What medical conditions/symptoms is chocolate good for?
- Faster exercise recovery
- Improve insulin sensitivity
- Increased cerebral blood flow
- Reduce risk of cancer development, growth, and spread
- Mitigate inflammation pathways
When should chocolate be avoided?
Aside from an outright allergy to chocolate, chocolate can be enjoyed in moderation by everyone- except your pets. Chocolate contains a compound called theobromine that is highly toxic to dogs, cats, and many other animals, because their physiologic mechanisms for breaking down theobromine are not as efficient as humans, resulting in a toxic accumulation of this compound in their systems. Theobromine toxicity can result in muscle tremors, seizures, irregular heart rate, internal bleeding and heart attacks. Among the initial symptoms is severe hyperactivity.
Let’s try out chocolate with these delicious and nutritious recipes!
Heart-Healthy Raw Chocolate Tartlets
1 c pitted dates
2 c hot water
1 c walnuts
1 c unsweetened shredded coconut
2 large ripe avocados
1/2 c brown rice syrup
1 c cocoa powder
¼ cup fair trade or direct trade dark chocolate chips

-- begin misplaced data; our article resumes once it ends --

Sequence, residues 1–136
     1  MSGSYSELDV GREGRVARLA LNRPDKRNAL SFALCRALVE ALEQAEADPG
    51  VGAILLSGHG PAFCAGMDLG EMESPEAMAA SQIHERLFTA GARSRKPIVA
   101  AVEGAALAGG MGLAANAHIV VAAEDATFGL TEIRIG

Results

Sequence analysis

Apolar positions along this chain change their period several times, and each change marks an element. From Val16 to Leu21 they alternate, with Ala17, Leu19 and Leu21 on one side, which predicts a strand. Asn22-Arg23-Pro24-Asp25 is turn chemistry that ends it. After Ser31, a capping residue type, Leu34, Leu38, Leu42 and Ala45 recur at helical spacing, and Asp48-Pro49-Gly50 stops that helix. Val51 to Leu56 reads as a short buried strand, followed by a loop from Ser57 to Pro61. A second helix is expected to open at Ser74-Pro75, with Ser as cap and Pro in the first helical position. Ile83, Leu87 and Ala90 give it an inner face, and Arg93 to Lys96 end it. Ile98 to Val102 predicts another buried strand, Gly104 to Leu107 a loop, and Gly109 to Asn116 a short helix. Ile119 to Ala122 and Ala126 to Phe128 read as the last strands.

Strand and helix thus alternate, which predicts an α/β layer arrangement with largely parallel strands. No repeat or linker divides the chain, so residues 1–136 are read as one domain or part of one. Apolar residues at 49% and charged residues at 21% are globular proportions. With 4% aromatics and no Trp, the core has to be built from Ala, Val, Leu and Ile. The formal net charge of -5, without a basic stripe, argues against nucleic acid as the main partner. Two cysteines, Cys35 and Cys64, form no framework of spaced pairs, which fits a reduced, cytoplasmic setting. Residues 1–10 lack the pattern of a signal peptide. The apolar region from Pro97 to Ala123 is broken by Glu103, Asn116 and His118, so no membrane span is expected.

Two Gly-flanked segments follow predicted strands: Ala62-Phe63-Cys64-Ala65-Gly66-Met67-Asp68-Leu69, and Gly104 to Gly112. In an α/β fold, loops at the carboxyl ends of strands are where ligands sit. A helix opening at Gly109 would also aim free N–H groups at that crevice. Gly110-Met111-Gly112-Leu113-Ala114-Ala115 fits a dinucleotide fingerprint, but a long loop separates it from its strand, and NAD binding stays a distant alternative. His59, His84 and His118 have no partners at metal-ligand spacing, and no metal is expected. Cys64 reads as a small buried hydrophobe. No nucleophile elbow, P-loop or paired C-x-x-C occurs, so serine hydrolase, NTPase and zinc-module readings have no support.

1/4 c coconut oil, melted
1 t vanilla extract
Make the crust. Soak the dates in hot water for about 15 minutes, or until they soften. Drain and add the dates to a food processor. Process until creamy. Add walnuts and shredded coconut, and process until a homogeneous dough forms. Divide the dough into six equal portions and press evenly into individual mini tart pans with removable bottoms. Alternatively, line a muffin tin with pieces of parchment paper large enough so that the paper goes over the rim and you can pull the tartlets out easily. Refrigerate dough while preparing the filling. Make the filling. Add avocados, brown rice syrup, cocoa powder, chocolate chips, coconut oil, and vanilla to food processor; process until a smooth cream forms. Bring it all together. Fill the pre-made crusts with the avocado filling and refrigerate for at least 1 hour. Gently remove the tartlets from the pans, and decorate with fresh berries and mint leaves.